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New Research Shows Klotho Proteins’ Anti-Aging Abilities

Longevity & Aging Longevity & Aging

Klotho proteins have been researched for years; this family of proteins are shown to have roles in longevity. Earlier studies in the 1990s revealed that rodents with mutated Klotho genes exhibited premature aging symptoms, shorter lifespans, infertility and early onset of age-related diseases such as osteoporosis and arteriosclerosis. A later study in mice showed that overexpression of Klotho genes extended longevity by affecting signaling of insulin and insulin-like growth factor 1 (IGF1).

A new study by researchers from Yale University, published in the journal Nature, focused on the mechanisms of action of beta klotho and alpha klotho, which are receptor proteins found on some tissue membranes and work with endocrine FGS, which regulate metabolism in the kidneys, liver and the brain.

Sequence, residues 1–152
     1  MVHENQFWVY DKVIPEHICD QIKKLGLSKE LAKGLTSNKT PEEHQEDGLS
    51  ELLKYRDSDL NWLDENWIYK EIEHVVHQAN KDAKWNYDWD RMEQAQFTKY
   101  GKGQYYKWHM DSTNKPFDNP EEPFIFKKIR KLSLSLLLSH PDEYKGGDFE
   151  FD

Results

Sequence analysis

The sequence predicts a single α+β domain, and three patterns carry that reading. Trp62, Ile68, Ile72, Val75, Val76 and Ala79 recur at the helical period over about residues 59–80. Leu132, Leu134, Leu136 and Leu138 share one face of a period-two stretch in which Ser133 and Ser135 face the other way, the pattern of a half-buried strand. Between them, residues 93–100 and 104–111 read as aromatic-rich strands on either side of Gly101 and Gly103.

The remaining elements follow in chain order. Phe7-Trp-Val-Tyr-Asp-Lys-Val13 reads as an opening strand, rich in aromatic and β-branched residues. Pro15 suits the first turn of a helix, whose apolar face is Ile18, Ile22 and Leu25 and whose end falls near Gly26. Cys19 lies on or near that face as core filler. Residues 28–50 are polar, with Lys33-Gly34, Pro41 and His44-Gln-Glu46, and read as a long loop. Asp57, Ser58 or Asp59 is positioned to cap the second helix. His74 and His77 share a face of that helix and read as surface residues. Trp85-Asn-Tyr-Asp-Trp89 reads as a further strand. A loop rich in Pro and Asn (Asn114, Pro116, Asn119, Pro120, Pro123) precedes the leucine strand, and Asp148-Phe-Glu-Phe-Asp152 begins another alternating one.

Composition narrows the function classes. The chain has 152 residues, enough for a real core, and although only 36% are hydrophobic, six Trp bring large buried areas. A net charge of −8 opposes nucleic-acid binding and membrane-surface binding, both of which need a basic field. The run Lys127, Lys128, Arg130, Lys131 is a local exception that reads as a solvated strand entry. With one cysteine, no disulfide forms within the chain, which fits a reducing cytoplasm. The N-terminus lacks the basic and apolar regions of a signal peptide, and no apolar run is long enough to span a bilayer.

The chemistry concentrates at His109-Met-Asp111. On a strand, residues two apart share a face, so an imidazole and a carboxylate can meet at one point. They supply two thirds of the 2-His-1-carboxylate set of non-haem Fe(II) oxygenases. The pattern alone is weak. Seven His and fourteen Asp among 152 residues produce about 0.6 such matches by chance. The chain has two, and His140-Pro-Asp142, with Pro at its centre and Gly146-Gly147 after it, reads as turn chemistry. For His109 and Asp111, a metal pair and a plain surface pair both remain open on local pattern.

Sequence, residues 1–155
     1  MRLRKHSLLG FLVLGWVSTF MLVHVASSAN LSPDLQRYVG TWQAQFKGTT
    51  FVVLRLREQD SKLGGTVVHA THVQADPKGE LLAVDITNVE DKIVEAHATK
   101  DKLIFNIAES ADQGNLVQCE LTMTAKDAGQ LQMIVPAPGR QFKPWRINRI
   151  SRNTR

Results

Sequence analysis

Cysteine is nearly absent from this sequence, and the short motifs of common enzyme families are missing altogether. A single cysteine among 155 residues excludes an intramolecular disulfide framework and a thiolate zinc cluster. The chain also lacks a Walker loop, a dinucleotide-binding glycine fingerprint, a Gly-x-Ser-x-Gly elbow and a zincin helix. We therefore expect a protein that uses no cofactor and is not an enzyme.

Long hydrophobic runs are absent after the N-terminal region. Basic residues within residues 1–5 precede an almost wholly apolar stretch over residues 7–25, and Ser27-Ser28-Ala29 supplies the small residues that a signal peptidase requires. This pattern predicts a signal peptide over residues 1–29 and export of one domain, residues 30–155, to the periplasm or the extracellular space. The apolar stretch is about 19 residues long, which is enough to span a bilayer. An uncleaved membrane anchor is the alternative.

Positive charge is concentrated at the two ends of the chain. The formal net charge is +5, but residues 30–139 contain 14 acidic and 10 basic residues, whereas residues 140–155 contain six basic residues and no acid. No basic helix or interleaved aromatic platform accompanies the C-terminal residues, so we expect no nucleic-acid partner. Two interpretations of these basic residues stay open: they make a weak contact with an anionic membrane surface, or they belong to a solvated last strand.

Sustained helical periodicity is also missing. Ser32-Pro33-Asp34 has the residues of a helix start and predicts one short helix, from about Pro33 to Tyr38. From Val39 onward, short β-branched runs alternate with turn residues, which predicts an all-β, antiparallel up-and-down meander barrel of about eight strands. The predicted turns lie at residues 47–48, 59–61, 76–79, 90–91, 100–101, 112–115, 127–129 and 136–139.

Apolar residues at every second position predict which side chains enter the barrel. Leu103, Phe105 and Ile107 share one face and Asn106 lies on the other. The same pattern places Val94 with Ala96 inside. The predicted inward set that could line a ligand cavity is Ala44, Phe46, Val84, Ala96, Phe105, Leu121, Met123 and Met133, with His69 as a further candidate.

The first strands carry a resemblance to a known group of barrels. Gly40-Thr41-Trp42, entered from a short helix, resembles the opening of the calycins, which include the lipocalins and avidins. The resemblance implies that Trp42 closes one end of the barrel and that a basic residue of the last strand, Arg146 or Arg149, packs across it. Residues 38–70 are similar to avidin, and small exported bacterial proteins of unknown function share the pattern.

The researchers’ investigation yielded several insights. First, they found that beta-klotho is the primary receptor that binds to FGF21, a key hormone produced upon starvation. When bound to beta-Klotho, FGF21 stimulates insulin sensitivity and glucose metabolism, causing weight loss. The researchers commented that this relationship between beta-Klotho and FGF21 can serve to galvanize the development of therapies for conditions blood sugar dysfunction in obese individuals.

Senior study author Joseph Schlessinger, chair of pharmacology at Yale School of Medicine, said, “Like insulin, FGF21 stimulates metabolism including glucose uptake. In animals and in some clinical trials of FGF21, it shows that you can increase burning of calories without changing food intake, and we now understand how to improve the biological activity of FGF21.”

The authors also describe a new variant of FGF21 that they said has 10 times higher potency and cellular activity. Additionally, the research team presented evidence of how the enzyme glycosidase, which breaks down sugars, evolved into a receptor for a hormone that lowers blood sugar, which may not be a coincidence, Schlessinger added.

Lee, S., et al. “Structures of β-klotho reveal a ‘zip code’-like mechanism for endocrine FGF signaling” Nature volume553, pages 501–505, Jan 2018